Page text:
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As city prepares for sale of Plains building, residents say goodbye
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CASPER NOTEBOOK

As city prepares for sale of Plains building, residents say goodbye

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Skip Hoffman and his friends made good car salesmen. It was the mid-1960s. They were teenagers. They knew how to work the clientele.

And they got good perks. Hoffman remembers being asked to take the new cars home, show them off, amass some envy and then direct that envy back to the dealership.

“I was here when the very first Camaro came out,” he said Wednesday night, standing amid other Casper historic preservationists in the dark belly of that old car dealership where he worked as a kid.

The group was on a tour of the building, led by Casper Community Development Director Liz Becher. They were there to see some of the space’s remaining historic elements before the city sells the building next month.

It’s bittersweet, Hoffman said, remembering the past lives of this now vacant, boarded-up brick building once such a prominent piece of Casper’s downtown. When Hoffman worked here, it was the Nolan Chevrolet dealership, built in 1925 and in business for roughly 40 years before being converted to a Plains Furniture Store.

As he walked through the space, he flicked his flashlight from wall to wall, ceiling to floor.

“This brought back a lot of memories,” he said, pointing his light upward, toward the bowstring trusses holding up the roof.

This was the showroom, where the newest Chevrolets would get lined up, meant to entice passersby looking through the dealership’s wide front windows. But while the structure is familiar to Hoffman, to those in the city who decided to buy the Plains building when it went up for sale in 2016, it was a surprise.

The city bought the building and those surrounding it with no clear goal. They just wanted to control how the area developed. At one point, the City Council wanted to demolish the building and build a parking lot in its place.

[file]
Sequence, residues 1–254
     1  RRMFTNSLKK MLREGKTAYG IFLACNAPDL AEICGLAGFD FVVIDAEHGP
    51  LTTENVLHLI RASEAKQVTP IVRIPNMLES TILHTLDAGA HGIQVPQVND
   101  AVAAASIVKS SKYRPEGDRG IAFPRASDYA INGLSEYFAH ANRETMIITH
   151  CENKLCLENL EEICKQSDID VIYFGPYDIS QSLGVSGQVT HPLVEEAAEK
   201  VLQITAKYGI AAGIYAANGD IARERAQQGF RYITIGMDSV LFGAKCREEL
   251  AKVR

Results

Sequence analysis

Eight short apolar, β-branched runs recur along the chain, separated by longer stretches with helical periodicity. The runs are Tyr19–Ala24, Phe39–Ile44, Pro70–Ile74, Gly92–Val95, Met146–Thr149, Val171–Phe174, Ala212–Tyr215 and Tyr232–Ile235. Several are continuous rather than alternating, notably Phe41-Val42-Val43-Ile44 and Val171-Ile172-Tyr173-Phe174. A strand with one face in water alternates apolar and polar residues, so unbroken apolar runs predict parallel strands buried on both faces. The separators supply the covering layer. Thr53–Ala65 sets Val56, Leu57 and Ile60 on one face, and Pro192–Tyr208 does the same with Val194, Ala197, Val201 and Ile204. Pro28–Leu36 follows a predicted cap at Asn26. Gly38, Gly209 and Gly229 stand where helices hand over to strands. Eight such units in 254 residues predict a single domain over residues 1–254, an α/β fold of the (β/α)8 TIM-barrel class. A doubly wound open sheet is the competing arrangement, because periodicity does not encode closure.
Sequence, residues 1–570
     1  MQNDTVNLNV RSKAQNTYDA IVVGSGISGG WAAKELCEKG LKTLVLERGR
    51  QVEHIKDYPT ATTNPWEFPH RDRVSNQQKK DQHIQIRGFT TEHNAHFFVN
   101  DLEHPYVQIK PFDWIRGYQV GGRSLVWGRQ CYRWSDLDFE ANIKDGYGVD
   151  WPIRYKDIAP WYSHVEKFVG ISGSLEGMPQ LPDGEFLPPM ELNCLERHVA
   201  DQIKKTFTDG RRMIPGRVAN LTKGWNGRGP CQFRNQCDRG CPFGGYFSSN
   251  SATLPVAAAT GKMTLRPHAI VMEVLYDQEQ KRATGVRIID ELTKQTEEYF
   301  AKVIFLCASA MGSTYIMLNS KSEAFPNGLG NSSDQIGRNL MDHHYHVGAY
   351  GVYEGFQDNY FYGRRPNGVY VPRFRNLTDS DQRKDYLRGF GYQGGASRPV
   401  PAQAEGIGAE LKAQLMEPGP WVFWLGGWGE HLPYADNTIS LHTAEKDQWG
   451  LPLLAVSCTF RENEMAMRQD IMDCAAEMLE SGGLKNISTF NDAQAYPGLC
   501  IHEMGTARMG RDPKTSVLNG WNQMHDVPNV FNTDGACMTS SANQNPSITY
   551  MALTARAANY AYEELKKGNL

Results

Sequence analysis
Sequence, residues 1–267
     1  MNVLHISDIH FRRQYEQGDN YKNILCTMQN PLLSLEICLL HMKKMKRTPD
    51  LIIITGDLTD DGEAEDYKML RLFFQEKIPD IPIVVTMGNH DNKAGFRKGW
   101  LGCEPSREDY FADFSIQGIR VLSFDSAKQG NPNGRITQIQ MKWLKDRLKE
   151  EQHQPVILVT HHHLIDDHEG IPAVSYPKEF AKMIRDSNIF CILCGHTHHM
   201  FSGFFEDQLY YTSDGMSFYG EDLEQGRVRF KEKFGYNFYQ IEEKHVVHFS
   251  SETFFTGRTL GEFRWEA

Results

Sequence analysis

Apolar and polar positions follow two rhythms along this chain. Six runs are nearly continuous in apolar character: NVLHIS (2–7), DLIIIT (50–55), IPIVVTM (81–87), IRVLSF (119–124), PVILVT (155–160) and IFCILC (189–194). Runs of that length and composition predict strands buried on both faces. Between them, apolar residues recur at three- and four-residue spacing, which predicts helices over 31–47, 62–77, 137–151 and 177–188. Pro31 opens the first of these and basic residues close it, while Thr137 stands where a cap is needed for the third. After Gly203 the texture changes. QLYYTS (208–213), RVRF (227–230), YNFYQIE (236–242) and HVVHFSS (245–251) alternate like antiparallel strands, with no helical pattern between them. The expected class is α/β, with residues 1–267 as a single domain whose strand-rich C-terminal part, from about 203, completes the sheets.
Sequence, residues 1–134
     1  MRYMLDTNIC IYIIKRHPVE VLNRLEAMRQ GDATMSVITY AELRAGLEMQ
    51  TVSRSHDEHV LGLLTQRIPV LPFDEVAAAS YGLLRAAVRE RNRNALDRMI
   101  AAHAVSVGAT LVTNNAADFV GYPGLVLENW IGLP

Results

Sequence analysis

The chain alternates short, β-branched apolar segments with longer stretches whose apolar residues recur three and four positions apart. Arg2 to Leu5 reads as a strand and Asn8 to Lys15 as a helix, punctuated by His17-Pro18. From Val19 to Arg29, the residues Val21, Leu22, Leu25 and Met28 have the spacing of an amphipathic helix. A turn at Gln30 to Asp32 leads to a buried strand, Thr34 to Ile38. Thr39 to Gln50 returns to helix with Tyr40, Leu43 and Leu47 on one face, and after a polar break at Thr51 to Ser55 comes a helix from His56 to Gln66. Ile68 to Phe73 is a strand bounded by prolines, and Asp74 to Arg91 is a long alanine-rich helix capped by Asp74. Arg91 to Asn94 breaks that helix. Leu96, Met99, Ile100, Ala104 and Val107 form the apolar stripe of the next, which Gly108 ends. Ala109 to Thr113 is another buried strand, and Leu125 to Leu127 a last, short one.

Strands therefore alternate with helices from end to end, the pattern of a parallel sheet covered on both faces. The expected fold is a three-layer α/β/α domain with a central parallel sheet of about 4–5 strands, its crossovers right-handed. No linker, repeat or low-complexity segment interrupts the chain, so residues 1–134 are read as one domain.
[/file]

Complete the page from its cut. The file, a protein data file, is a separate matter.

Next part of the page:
But whatever plans the city had were halted when two relics of 1920s Casper were discovered hidden within the former furniture store’s drop ceiling and sheetrock walls: The Chevy dealership and an old firehouse garage.

The city pivoted, sold the portion of the building with the garage to the man who owned the rest of the firehouse and now, instead of knocking the remainder down, they’re selling it to Downtown Development Authority board members Brandon Daigle and Kevin Hawley. The pair plan to build live/work spaces, with a mix of office space and downtown housing.

Hoffman said the project makes him a little sad, given all of the history here. But he said it’s better than knocking the building down.

Daigle and Hawley also have plans to preserve as many of the historic elements inside the structure as they can. The trusses that brought back so many memories for Hoffman will become the skeleton for an outdoor courtyard, for example.

The official sale of the building is scheduled for the City Council’s October 15 meeting. This was a final opportunity for Hoffman and other Casper residents to see the historic remains as-is. Hoffman said he was glad for the chance.

Follow city reporter Morgan Hughes on Twitter @morganhwrites.

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Local Government Reporter

Morgan Hughes primarily covers local government. After growing up in rural Wisconsin, she graduated from Marquette University in 2018. She moved to Wyoming shortly after and covered education in Cheyenne before joining the Star-Tribune in May 2019.

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